The Japan Series, Japan's national baseball championship, is over, with the Nippon Ham Fighters beating the Chunichi Dragons 4-1 in the 5th game. It was a big win for the Hokkaido-based team, which hadn't claimed a championship in 44 years, but also very big for Tsuyoshi Shinjo, who played for the New York Mets and San Francisco Giants a few years back. The flamboyant baseball player, who has amused fans by dressing in costumes like Darth Vader, Spiderman and the Power Rangers, announced that he would be retiring this season, and yesterday's win was his last game as a professional ball player. By the end of the game he was in tears, so much so that his last at-bat was an easy strike-out. It was interesting to see the many changes that have taken place in Japanese baseball during the time I've been here. In addition to the standard two foreigners that the team fielded -- never more than two, by unofficial agreement among the teams, to preserve the Japanese-ness of the game -- the Fighters' star pitcher was young Yu Darvish, a lanky half-Iranian half-Japanese with a killer fastball, and the manager that brought the team to victory is Thomas Brad Hilton, formerly of the Texas Rangers.
When that old Pepsi commercial featuring rapper M.C. Hammer singing "Feelings" when he's given a Coke was shown here, it created problems for Pepsi, since Japan is among the many nations that doesn't allow companies to compare their products directly to competitors ("our product is better than brand X"). When companies do make a statement that a product is better, lasts longer, etc. you invariably see the words "compared with this company's previous products" on the screen in small letters. It seems like the tendency for companies to avoid direct comparisons might be lessening somewhat, though. Recently the government has required that cell phone companies allow users to keep their phone numbers when they change companies, allowing consumers to flit between providers at will, and as a result, Japan's #2 phone company ("au by KDDI") has started a big push for market share, touting their #1 customer satisfaction and actively courting switchers. Maybe we'll see those Mac vs. PC commercials on the air in Japan someday?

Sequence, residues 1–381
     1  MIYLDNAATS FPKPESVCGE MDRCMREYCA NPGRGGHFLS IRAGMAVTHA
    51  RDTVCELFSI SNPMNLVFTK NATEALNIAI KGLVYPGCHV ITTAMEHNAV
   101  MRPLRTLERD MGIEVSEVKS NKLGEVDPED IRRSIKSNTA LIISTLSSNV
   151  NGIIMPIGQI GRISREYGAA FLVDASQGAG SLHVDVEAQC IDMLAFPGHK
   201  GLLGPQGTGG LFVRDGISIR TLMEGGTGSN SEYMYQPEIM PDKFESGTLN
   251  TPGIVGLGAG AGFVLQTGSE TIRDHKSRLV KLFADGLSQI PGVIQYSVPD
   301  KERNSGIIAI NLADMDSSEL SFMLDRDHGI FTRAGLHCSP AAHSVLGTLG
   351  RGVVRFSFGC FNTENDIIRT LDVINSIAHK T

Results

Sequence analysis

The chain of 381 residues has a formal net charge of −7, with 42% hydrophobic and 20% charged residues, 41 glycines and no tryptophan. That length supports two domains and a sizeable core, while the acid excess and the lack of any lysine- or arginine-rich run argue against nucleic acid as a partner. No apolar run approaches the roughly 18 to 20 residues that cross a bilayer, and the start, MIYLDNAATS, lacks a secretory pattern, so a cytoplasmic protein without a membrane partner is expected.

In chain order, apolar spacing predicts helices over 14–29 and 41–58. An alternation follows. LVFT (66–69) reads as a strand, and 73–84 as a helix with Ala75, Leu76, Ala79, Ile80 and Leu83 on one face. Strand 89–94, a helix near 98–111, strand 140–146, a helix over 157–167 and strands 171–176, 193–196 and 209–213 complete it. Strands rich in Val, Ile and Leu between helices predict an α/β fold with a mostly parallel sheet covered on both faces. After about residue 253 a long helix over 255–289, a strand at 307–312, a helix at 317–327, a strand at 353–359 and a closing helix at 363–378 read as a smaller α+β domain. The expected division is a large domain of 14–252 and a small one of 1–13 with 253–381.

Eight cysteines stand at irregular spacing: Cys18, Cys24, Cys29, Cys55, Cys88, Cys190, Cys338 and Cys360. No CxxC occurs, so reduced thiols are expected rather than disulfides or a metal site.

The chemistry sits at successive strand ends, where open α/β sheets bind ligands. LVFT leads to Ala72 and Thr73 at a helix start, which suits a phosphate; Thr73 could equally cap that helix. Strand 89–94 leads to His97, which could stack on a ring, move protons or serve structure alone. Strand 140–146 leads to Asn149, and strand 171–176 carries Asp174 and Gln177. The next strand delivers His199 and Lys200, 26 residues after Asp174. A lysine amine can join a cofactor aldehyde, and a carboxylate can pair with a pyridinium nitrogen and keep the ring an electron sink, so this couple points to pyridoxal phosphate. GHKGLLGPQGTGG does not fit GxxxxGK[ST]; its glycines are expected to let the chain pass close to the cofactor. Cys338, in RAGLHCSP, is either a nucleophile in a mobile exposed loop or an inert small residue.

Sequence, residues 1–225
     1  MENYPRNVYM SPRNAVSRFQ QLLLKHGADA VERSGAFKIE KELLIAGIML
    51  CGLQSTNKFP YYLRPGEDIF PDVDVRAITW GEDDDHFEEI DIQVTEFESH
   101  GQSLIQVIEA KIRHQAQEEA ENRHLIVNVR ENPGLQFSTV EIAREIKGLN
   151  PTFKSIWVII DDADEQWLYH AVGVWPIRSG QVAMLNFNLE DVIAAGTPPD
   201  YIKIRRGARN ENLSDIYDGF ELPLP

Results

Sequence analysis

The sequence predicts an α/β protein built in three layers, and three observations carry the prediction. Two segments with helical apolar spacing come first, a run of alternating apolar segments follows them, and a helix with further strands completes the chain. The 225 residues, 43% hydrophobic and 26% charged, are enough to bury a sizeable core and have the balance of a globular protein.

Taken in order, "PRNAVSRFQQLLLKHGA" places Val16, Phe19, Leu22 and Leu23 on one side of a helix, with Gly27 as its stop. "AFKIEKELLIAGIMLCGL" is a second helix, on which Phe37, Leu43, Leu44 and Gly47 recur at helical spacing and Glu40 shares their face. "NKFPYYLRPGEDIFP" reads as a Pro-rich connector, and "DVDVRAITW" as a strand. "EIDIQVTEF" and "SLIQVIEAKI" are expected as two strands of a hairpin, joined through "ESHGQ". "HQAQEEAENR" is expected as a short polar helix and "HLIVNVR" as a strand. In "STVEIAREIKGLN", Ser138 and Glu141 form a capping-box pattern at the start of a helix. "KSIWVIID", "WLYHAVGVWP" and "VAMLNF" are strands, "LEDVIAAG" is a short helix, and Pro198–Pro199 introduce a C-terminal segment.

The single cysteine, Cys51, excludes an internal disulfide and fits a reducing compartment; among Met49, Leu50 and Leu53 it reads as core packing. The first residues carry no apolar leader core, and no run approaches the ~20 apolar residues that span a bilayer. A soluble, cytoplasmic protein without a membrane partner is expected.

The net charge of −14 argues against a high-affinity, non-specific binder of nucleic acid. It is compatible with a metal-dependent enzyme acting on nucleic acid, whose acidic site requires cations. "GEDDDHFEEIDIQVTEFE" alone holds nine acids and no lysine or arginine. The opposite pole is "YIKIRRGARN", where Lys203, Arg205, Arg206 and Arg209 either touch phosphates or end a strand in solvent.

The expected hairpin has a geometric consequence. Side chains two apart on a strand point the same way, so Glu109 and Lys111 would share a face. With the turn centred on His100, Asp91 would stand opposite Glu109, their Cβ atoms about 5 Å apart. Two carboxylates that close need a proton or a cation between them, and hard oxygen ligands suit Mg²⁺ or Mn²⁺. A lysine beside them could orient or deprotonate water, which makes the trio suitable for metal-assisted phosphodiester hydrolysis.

Do you dig JPOP music? Apple's iTunes music store is a great way to gain access to thousands of Japanese artists. There's just one problem: unless you happen to have a credit card registered in Japan, you can't buy from the store. There is one great way that people around the world can get in on these Japanese tunes, however: buy the prepaid iTunes music cards that J-List sells, which make it a snap to surf over to the iTunes Japan store with the iTunes you've already got installed, browse their offerings, and make your purchases with your Japanese account. Music purchased at the iTunes Japan store is fully compatible with iTunes and iPod, no matter where you live. It's a great time to try the iTunes Japan store, because BMG/Sony has just added their catalog to the Japan store, so there's more cool music to choose from than ever before.